South Down Coast, 14th October 2020.

Fri Oct 16, 2020 12:21 am

While putting away a selection of garden tools recently, I noticed something in the corner of the garage; a beachcaster! Memories came flooding back and overwhelmed by nostalgia, I determined to “Go Fishing” so with two of the aforementioned items (beachcasters, not gardening tools) along with all necessary accessories I took to the road in an unusual direction, east. A brief stop at a spot where “lug can be dug” seemed to suggest otherwise so I called in to a shop where “bait can be got”; slightly to my surprise, frozen lug, sandeel, crab, squid and mackerel were all available. I already had some mackerel so just topped up with some lug wrapped in cellophane and vacuum packed. I parked up and loaded up with rods, tripod and tackle box, took the short walk along the pier. Three small bats were flying up and down feeding hard prior to imminent hibernation, hopefully the fish would do likewise. I had to move slightly from the obvious spot as somebody had obviously just relieved himself there, something I have never done (nose elongates by 2 cm). I was expecting/hoping to get small flatties, at least that’s what I got the only other time I fished here. I tackled up accordingly with both rods kitted out with 3 hook flappers and carrying small baits of mackerel and/or lug, one sent well out onto the sand and the other close in by the edge of the rock armour protecting the pier. Sit back and wait, after 20 mins I reeled in the close rod to find the hooks cleaned and possibly polished; crabs no doubt as it was calm enough to see any bite. With fresh bait, the rig was sent out far and the other rod retrieved; same result. This feeding of crabs continued for an hour until I saw a definite rattle which developed into a couple of determined tugs. I reeled in and could feel extra weight, a 5 bearded rockling, frequently known as a blank-saver. Next cast I felt a slight knock as the rod bent and it was only when I took up the slack and settled the rod in the tripod that I realised that the tip ring had disintegrated. So I was down to one rod, probably wouldn’t affect the catch rate much but the crabs weren’t going to be as well fed. I started reeling the rigs in a yard or two at a time to try and fend off the crabs and was rewarded with a couple of delicate nibbles but no fish. The hooks came in clean and I was only using size 4 hooks, even a small dab could manage that. Eventually I hooked something, a pin whiting, well I had already saved the blank so the pin was superfluous to requirements. While I was glad to get the frozen lug, at £9 for 10, they were a bit pricey to waste on crabs and pin whiting so after three hours of fresh air I packed up and the lug would be saved in my freezer for better times. On the way home I slowed down as I could see a large dog at the side of the road, in fact as I drew level I realised it was a female fallow deer, the first one I have ever seen. As fishing trips go, it wasn’t the best with a busted tip ring and only a small rockling and pin whiting to show for my efforts. Still, it was good to get out, I think….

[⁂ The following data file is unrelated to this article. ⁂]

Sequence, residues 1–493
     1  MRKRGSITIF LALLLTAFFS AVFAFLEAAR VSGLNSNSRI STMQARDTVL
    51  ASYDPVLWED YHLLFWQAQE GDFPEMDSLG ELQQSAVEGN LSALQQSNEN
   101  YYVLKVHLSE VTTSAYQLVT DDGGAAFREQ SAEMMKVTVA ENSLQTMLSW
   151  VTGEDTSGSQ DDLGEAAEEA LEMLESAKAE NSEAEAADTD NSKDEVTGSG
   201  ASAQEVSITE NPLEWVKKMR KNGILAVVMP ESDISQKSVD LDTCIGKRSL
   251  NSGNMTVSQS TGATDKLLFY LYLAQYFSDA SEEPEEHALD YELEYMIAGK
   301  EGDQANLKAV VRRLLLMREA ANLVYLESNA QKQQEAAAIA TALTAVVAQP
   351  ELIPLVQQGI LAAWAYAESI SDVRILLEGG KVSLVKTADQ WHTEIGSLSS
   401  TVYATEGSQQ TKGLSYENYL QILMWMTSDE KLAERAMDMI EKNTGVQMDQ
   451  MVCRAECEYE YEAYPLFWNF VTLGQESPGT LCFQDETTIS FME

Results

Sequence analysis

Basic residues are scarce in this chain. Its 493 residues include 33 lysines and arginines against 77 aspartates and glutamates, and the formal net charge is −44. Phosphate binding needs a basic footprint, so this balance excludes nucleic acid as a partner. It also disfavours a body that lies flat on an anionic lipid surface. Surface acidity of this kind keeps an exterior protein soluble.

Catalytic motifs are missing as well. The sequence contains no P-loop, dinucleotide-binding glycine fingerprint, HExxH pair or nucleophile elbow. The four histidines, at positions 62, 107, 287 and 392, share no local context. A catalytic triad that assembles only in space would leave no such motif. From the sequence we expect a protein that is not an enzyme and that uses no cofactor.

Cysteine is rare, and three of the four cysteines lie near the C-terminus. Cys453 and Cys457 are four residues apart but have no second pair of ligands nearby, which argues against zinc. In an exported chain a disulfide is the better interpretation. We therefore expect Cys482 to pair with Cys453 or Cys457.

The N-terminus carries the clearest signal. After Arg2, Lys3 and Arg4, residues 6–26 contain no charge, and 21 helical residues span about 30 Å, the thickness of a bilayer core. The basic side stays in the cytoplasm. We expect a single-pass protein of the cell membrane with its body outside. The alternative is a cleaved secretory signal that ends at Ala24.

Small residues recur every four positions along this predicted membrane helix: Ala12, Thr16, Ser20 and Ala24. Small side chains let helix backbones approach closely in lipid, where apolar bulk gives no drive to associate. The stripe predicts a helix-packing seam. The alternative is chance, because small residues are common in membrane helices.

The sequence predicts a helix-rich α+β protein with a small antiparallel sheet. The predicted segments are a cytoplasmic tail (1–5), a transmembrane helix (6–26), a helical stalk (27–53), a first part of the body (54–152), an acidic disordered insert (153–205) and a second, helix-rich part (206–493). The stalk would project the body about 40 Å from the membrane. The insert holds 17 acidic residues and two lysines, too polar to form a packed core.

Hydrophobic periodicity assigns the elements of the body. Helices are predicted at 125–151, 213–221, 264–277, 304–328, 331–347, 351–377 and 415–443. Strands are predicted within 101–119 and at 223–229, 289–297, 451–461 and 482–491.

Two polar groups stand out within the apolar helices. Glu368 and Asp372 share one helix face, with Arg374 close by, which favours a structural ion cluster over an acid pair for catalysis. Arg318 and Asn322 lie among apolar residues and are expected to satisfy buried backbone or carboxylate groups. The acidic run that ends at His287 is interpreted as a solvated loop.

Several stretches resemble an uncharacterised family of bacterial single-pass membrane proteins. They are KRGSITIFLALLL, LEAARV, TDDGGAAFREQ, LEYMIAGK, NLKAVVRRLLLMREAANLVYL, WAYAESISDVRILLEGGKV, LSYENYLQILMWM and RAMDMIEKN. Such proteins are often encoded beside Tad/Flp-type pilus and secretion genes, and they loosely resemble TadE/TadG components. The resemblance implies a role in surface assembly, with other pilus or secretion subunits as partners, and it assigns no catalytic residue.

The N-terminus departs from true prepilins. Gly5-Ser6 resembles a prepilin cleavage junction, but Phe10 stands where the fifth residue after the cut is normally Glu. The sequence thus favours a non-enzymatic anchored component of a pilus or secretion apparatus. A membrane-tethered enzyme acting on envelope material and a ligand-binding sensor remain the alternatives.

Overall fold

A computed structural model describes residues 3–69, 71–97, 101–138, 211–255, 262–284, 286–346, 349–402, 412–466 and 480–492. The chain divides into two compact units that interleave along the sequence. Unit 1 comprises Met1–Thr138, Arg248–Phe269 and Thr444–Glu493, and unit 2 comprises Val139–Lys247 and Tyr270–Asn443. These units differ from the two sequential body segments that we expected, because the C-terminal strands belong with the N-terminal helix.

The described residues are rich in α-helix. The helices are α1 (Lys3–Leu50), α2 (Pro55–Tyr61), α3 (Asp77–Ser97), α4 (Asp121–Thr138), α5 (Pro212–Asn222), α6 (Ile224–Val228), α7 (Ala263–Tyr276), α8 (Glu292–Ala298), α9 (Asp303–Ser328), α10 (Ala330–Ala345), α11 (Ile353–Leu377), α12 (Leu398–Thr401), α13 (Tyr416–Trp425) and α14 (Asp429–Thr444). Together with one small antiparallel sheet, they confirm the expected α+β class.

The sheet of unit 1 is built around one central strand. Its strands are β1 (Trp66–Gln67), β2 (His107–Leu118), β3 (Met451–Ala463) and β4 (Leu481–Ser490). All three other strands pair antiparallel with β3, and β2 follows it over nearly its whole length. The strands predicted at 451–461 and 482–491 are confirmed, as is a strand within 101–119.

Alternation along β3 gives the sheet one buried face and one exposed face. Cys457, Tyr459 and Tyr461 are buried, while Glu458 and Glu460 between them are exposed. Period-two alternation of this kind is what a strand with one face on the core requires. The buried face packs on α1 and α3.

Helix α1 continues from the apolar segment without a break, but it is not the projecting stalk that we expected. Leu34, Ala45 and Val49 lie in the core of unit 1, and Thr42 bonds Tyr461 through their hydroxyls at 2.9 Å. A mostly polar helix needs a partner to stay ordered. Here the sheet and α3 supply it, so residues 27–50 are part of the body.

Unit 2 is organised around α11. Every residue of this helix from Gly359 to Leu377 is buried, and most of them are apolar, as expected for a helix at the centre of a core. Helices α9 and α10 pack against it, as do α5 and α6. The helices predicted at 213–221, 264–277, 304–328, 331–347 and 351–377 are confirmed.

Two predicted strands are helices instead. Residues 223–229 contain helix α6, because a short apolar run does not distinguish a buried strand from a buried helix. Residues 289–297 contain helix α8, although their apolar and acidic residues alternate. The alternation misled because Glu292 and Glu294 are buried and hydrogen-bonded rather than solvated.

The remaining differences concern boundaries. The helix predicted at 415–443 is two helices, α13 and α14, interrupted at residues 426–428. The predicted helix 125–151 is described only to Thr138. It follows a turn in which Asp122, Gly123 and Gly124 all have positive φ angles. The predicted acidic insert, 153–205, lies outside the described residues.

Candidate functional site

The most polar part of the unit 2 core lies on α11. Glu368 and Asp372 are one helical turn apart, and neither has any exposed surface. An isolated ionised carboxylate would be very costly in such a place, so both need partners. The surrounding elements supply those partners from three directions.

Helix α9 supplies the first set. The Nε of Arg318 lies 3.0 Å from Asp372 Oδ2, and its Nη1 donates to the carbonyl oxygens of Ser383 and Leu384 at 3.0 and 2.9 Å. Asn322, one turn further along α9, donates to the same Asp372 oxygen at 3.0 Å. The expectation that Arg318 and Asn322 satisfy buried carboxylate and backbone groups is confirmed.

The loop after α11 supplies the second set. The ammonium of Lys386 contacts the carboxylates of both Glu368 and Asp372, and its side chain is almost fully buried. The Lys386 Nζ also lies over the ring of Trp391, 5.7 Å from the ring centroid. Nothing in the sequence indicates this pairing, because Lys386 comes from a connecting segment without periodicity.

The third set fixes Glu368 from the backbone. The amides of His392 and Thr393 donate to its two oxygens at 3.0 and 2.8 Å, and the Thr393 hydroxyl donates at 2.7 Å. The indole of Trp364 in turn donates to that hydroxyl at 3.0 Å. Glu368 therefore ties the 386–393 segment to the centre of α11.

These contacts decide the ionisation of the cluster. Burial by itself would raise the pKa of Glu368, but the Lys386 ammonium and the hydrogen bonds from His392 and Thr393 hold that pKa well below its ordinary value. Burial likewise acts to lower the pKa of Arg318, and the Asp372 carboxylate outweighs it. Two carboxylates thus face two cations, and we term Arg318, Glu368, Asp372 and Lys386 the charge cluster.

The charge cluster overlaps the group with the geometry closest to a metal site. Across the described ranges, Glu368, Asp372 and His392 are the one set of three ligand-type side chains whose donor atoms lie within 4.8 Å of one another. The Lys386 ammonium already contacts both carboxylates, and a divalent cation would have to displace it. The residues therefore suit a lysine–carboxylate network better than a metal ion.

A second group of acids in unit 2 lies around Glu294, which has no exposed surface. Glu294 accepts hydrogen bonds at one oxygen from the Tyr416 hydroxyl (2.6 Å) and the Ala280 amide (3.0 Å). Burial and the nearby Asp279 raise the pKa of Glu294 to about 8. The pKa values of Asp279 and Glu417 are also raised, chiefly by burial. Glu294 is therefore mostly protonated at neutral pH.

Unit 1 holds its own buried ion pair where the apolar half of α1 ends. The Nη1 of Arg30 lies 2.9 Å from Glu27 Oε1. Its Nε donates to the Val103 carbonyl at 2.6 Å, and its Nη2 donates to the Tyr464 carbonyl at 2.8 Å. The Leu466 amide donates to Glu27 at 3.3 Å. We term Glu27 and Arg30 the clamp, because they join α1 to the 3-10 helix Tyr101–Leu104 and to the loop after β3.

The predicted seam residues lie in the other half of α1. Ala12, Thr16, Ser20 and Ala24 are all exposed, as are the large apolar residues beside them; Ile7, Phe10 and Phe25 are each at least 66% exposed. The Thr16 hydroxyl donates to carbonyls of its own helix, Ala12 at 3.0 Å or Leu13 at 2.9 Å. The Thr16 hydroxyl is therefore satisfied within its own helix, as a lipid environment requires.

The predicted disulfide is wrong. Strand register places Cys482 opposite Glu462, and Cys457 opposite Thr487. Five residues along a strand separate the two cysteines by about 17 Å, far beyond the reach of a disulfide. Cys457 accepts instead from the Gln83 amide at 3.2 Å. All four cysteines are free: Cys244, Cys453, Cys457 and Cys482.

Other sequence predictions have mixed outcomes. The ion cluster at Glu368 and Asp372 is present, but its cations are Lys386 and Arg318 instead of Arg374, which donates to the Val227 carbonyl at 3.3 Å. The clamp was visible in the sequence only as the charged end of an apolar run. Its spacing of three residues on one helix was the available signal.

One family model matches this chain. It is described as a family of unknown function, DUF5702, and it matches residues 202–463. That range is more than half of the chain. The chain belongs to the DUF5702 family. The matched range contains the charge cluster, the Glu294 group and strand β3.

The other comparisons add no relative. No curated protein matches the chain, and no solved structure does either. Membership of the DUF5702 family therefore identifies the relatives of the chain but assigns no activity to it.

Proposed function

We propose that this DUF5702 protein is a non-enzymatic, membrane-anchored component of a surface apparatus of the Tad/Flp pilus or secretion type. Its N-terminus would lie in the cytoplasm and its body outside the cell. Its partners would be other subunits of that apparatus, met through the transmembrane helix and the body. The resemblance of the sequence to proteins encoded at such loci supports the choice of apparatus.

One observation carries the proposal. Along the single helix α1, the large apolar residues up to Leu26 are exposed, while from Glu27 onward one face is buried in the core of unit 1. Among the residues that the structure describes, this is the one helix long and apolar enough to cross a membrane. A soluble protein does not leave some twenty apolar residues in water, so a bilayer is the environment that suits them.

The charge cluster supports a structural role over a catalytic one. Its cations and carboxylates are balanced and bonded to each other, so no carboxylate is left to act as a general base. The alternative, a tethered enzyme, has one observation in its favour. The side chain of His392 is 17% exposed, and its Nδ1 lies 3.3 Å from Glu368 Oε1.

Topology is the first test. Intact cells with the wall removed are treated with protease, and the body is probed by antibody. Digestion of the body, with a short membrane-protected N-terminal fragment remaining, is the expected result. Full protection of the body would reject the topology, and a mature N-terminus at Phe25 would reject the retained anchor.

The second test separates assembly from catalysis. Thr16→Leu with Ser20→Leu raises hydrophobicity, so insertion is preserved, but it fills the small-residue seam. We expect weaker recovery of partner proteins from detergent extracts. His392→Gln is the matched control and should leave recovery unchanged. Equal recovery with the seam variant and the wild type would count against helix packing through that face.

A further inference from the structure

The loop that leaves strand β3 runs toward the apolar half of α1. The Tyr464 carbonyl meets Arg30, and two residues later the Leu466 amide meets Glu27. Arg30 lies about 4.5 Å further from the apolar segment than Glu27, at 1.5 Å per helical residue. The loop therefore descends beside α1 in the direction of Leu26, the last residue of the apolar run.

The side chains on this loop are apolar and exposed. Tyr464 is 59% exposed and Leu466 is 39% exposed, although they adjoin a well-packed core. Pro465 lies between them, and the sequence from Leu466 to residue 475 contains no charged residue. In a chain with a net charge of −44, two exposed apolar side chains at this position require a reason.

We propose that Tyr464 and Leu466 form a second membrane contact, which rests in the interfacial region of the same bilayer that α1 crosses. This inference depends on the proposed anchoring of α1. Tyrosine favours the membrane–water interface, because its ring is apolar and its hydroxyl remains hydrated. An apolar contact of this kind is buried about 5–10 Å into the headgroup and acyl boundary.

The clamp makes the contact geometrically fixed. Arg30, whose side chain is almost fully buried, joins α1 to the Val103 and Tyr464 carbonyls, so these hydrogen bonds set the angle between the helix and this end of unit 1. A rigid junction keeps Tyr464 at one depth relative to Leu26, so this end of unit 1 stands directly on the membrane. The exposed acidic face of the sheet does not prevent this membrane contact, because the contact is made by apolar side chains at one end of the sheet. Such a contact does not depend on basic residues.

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Re: South Down Coast, 14th October 2020.

Sat Oct 17, 2020 12:48 pm

At least you got out
A friend fished poolbeg during the week and caught many pin whiting and nothing else

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